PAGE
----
Our classes are in the Carry Centre, Killiney.
We teach in Killiney every Thursday and Saturday. We make our classes as fun as possible, with an aim for instilling a love of Irish Dance in our students. We educate and train our students so that they will be able to participate in grade exams when they are ready. We have an end of year class showcase, at Christmas, so parents can see what they have been learning. And at the end of the school year, in June, we have a class feis (friendly competition) to give our students the opportunity to get up on stage and perform for family and friends.
We are located in The Carry Centre on Killiney Hill Road. Just up from Cuala GAA Hall on Hyde Park Road. We are around the corner from Glenageary and Killiney National School
Thursdays 4.30 ~ Beginners
Thursdays 5.15 ~ Intermediate
Thursdays 6.15 ~ Advanced
Saturdays 10.30 ~ Advanced
Our address is
The Carry Centre
102 Killiney Hill Road
Nearby National Schools
Glenageary and Killiney National School
Dalkey National School
Loreto Primary School
St. Patrick's National School, Harbour Road, Dalkey
Castle Park School
Harold's Boys School
Scoil Lorcáin, Blackrock
Many people developed new hobbies and interests during the lockdown period. As people stayed at home, some decided to pass their time doing their favourite hobbies. Dancing was one of the many activities that helped people get through the tough times. People of all ages turned to learning to dance online.
There is a big case for learning online as it helps students to think independently. But learning dance through online platforms has its pros and its cons. People interested in taking up online dance classes should consider all these points before signing up for online dance classes.
Benefits of learning to dance online
Some of the main pros of learning to dance online are:
Drawbacks of learning dance online
For all its benefits, there are some cons to learning to dance online. Some of them are:
Irish Dancing stems from a point in time where the Celts and the druids who wandered the island of Ireland, before the birth of Christianity and any outsider influences. The druids had many rituals involving the use of group dancing, predominantly in a circular fashion around scared trees. The Celts also had their own type of folk dancing, which used similar patterns of dance.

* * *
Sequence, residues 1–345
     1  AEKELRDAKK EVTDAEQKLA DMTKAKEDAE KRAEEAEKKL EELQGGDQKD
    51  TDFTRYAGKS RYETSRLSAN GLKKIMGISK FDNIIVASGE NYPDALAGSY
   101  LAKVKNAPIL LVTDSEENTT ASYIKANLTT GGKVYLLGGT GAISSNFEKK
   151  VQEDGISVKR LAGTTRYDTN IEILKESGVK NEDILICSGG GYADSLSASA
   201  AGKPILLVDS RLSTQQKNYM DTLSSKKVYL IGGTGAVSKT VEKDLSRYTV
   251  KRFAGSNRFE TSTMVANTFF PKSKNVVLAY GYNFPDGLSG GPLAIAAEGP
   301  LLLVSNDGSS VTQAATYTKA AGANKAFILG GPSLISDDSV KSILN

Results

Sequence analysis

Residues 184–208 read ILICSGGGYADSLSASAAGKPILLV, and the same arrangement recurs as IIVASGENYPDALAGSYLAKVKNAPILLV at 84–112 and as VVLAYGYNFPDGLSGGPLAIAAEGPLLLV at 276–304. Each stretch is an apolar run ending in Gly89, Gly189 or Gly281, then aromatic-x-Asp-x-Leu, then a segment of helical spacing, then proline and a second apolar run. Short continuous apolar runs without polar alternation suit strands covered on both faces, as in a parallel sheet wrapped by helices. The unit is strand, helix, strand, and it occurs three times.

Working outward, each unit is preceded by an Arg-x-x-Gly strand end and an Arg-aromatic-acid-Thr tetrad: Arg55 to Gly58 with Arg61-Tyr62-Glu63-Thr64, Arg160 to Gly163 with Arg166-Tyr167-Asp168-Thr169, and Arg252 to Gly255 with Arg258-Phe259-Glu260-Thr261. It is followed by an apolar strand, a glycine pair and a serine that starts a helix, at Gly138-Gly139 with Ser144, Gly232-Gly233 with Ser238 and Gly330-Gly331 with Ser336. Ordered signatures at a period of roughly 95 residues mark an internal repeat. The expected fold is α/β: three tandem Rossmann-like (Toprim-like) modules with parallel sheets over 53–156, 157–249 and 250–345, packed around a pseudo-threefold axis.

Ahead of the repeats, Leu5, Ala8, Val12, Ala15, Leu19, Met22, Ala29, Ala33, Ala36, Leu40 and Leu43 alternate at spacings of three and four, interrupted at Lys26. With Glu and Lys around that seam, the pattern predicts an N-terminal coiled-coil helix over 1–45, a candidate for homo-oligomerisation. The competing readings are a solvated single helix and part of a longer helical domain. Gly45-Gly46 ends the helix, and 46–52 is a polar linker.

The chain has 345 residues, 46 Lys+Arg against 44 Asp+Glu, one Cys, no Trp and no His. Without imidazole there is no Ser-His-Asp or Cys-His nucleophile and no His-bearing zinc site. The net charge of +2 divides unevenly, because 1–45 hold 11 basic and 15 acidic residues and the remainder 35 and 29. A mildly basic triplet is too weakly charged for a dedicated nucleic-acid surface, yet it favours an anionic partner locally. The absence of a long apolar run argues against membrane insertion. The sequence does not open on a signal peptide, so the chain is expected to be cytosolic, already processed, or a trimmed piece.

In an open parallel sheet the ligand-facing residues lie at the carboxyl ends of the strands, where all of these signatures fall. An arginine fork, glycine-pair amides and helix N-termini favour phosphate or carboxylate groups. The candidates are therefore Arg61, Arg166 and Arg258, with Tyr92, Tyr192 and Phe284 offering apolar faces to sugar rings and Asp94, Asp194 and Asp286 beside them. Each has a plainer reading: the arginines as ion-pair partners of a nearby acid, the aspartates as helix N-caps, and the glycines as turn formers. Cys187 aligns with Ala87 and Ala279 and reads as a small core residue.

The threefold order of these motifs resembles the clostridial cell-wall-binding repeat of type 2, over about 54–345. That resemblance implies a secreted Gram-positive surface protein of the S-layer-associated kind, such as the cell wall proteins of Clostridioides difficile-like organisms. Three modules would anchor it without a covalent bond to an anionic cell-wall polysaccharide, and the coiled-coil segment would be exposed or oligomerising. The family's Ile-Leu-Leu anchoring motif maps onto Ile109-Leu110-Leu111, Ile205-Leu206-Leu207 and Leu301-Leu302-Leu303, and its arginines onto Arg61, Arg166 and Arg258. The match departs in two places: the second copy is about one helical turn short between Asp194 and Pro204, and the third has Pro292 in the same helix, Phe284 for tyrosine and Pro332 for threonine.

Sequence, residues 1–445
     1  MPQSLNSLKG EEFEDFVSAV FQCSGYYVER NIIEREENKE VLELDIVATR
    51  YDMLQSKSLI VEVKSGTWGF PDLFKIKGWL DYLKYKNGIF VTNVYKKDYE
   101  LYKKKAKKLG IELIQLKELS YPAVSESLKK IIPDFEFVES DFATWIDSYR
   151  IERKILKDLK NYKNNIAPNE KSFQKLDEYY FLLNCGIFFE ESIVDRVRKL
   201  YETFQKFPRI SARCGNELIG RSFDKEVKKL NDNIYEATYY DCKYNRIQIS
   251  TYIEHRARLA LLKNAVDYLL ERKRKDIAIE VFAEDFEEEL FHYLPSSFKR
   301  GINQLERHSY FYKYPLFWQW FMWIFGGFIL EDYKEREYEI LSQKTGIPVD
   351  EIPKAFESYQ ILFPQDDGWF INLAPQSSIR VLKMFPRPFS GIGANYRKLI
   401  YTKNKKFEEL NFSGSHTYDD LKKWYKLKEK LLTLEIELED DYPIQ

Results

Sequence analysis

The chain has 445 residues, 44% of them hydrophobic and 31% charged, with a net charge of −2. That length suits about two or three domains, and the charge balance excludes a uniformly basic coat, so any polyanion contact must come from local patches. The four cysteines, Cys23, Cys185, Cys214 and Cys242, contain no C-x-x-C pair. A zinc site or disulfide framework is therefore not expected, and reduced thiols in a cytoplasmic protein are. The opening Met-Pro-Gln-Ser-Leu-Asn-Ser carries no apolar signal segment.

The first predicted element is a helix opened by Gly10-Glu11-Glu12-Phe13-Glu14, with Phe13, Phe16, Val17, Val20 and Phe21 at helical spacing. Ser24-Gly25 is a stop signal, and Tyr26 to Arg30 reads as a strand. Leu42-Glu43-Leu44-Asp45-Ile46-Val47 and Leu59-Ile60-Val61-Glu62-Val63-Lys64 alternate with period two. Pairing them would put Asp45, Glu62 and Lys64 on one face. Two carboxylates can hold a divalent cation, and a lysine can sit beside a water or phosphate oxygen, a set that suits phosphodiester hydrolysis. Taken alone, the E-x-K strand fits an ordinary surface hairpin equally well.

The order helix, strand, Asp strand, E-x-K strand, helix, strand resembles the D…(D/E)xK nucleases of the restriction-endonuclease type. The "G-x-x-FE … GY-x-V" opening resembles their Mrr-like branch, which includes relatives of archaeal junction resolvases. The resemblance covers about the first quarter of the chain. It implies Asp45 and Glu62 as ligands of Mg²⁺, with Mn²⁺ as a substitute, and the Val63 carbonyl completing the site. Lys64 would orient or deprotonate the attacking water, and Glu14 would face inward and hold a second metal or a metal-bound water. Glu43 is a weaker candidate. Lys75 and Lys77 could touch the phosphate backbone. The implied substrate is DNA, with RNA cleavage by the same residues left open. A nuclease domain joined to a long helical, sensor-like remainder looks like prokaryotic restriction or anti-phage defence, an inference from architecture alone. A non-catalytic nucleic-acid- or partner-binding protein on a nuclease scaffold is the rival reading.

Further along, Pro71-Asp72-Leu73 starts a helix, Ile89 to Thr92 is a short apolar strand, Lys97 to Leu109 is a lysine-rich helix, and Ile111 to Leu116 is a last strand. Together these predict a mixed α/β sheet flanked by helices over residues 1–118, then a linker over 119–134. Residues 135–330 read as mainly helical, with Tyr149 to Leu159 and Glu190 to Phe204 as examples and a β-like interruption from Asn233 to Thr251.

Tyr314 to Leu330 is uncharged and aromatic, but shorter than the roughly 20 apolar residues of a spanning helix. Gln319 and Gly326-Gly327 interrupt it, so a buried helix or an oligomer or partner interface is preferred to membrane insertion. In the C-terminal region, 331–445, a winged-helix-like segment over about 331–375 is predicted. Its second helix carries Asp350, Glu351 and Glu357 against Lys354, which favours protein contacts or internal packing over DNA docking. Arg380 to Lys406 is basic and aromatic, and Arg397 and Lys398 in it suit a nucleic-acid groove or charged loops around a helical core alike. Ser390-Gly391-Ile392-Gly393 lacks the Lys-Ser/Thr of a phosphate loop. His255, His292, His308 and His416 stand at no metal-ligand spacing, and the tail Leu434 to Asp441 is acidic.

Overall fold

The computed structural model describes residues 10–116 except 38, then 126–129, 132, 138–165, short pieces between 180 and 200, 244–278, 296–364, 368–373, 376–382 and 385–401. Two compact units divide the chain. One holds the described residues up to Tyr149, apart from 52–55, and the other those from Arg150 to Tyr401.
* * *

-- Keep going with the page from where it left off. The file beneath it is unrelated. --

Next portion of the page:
Of course, the dancing was accompanied by singing or music and took place mainly at religious ceremonies. One of the biggest held by Celtic communities was called the ‘Feis’ (which we still have today, but is usually more of a showcase of Irish dancing and music). Modern Irish dance competitions are also called feis or feiseanna.
In the 12th century, the Normans invaded and brought their own native dances and customs, which resulted in a change of the traditional circular formations to more line formations. It wasn't until the 18th century that Irish dancing became what it is today.
Today, Irish dancing is quite different to the dancing style of old, there are also many different types of Irish dances:
● The reel - it is a lively dance that involves jumping steps
● The jig - is a fast upbeat dance and is the most popular in Ireland. It can be a light or hard shoe dance
● The single jig - is similar to a regular jig, with slightly different rhythms
● The slip jig - is danced in a soft shoe and has graceful movements
● The hornpipe – has a slower tempo and danced with hard shoes
● All of these dances can be learned in our Irish dancing masterclass.
There are many other types of Irish dancing but what all these dances have in common are remnants in formations and patterns from the Celts, Druids and Normans.
You can’t talk about the history or Irish dancing and not talk about Riverdance. This amazing show brought the attention of Irish dance to a worldwide audience when it debuted at the 1994 Eurovision Song Contest. It was a 10 minute interval act that was choreographed and performed by Michael Flatley and Jean Butler and a large ensemble cast of Irish dancers. It was produced by John McColgan and Moya Doherty, and it was composed by Bill Wheelan. Because of this performance it was developed into a full length show and went on in the same year to perform at the Royal Variety Show. The audio was number one in the Irish charts for 18 consecutive weeks. And the show sold over 120,000 tickets in the first run of shows in Dublin.
Michael Flatley subsequently left Riverdance and created his own show called Lord of the Dance. This was also a huge success, selling to sold out arenas around the world and winning multiple awards.
These wonderful shows brought the history and legacy of Irish dancing from Ireland to the rest of the world. The creativity in Riverdance and Lord of the Dance made Irish dance what it is today.
Cabe Academy HQ
Ground Floor Unit 2